Neurons are a major player in the central nervous system, but other cell types are also key to healthy brain function. In fact, glial cells are by far the most numerous cells in the brain, outnumbering neurons by about 10 to 1. These cells, which come in various formssuch as microglia, astrocytes, and oligodendrocytessurround and support the function and healthy of neurons. For example, microglia protect neurons from physical and chemical damage and are responsible for clearing foreign substances and cellular debris from the brain. To carry out these functions, glial cells often collaborate with blood vessels in the brain. Together, glial and blood vessel cells regulate the delicate balance within the brain to ensure that it functions at its best.

Vascular Contributions To Alzheimers Disease

People with dementia seldom have only Alzheimers-related changes in their brains. Any number of vascular issuesproblems that affect blood vessels, such as beta-amyloid deposits in brain arteries, atherosclerosis , and mini-strokesmay also be at play.

Vascular problems may lead to reduced blood flow and oxygen to the brain, as well as a breakdown of the blood-brain barrier, which usually protects the brain from harmful agents while allowing in glucose and other necessary factors. In a person with Alzheimers, a faulty blood-brain barrier prevents glucose from reaching the brain and prevents the clearing away of toxic beta-amyloid and tau proteins. This results in inflammation, which adds to vascular problems in the brain. Because it appears that Alzheimers is both a cause and consequence of vascular problems in the brain, researchers are seeking interventions to disrupt this complicated and destructive cycle.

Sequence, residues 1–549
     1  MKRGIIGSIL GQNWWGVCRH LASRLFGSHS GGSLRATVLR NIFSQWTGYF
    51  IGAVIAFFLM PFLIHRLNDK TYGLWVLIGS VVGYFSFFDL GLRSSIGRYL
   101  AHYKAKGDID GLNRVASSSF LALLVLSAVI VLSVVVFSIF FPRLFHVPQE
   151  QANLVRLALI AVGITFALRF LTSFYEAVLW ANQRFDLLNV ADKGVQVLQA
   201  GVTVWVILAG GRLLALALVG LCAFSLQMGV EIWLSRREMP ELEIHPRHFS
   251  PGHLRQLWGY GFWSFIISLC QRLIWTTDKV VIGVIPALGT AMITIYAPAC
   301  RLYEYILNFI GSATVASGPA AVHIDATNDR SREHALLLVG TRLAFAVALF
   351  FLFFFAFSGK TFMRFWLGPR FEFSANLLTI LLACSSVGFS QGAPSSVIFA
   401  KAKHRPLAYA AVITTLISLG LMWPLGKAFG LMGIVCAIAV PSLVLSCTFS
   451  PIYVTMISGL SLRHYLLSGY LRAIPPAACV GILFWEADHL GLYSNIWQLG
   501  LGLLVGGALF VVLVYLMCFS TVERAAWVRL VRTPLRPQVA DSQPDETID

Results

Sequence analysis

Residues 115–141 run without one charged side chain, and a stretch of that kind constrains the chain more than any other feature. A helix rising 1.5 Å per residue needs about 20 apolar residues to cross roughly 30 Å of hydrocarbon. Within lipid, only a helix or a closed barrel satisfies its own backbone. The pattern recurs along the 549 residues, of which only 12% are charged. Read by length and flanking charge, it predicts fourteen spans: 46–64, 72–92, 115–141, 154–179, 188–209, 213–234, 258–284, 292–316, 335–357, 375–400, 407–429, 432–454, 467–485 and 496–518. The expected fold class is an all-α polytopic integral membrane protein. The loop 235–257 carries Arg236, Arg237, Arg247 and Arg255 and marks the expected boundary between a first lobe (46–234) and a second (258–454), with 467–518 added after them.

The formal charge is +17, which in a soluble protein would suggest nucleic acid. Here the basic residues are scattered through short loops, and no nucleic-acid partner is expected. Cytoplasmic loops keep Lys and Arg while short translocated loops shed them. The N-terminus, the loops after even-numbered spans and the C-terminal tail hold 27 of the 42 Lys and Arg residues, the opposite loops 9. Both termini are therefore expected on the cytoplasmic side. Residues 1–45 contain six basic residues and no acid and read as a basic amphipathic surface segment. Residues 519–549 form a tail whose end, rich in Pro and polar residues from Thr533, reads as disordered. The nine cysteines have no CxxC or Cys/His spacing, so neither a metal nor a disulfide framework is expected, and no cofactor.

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Ad Tau Fractions Are Truncated Differentially

Tau in AD brain appears in various pools and in monomeric, oligomeric, and filamentous forms . In addition to aggregated tau, AD brain also expresses similar levels of normal tau , which is heat-stable . Aggregated tau is sarkosyl-insoluble . Normal tau and pathological tau can be separated by sedimentation. In the present study, by combining Kopkes and Guos protocols , we isolated various tau fractionsO-tau, SI1-tau, SI2-tau, and HS taufrom AD brains . Negative staining microscopy showed paired helical filaments in fraction SI1-tau, mostly straight filaments in SI2-tau, short filaments in O-tau, and non-filament in HS-tau .

It is widely believed that truncation of tau plays a critical role in tau pathogenesis . To reveal the truncation of various AD tau fractions, we isolated aggregated O-tau, SI1-tau, and SI2-tau from four AD cerebral cortices and analyzed tau protein patterns by using polyclonal and monoclonal pan-tau antibodies to various regions of the protein . HS-tau from one AD brain was used as a reference. In general, we found SDS- and -MEresistant high-molecular weight-tau in O-tau, SI1-tau, and SI2-tau detected by R134d, 92e, and 111e . Heat treatment is known to remove aggregated tau . We found no detectable HMW-tau in HS fraction . Compared with blots developed with antibodies R134d and 92e, a lesser amount of tau in SI2 fraction was detected with antibody 111e .